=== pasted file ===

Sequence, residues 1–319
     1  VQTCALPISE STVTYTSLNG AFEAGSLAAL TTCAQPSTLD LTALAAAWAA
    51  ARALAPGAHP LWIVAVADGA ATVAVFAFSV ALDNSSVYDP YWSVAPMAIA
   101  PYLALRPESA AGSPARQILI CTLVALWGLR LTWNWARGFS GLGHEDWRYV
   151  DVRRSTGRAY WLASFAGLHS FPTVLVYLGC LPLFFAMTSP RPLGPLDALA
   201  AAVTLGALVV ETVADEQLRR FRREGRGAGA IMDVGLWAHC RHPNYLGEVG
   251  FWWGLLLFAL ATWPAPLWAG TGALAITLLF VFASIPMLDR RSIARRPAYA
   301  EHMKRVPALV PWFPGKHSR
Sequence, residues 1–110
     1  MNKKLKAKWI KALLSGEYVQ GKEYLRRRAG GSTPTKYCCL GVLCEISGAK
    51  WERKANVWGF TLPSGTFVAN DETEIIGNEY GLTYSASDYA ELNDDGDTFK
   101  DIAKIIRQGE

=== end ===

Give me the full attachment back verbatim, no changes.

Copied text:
Sequence, residues 1–319
     1  VQTCALPISE STVTYTSLNG AFEAGSLAAL TTCAQPSTLD LTALAAAWAA
    51  ARALAPGAHP LWIVAVADGA ATVAVFAFSV ALDNSSVYDP YWSVAPMAIA
   101  PYLALRPESA AGSPARQILI CTLVALWGLR LTWNWARGFS GLGHEDWRYV
   151  DVRRSTGRAY WLASFAGLHS FPTVLVYLGC LPLFFAMTSP RPLGPLDALA
   201  AAVTLGALVV ETVADEQLRR FRREGRGAGA IMDVGLWAHC RHPNYLGEVG
   251  FWWGLLLFAL ATWPAPLWAG TGALAITLLF VFASIPMLDR RSIARRPAYA
   301  EHMKRVPALV PWFPGKHSR
Sequence, residues 1–110
     1  MNKKLKAKWI KALLSGEYVQ GKEYLRRRAG GSTPTKYCCL GVLCEISGAK
    51  WERKANVWGF TLPSGTFVAN DETEIIGNEY GLTYSASDYA ELNDDGDTFK
   101  DIAKIIRQGE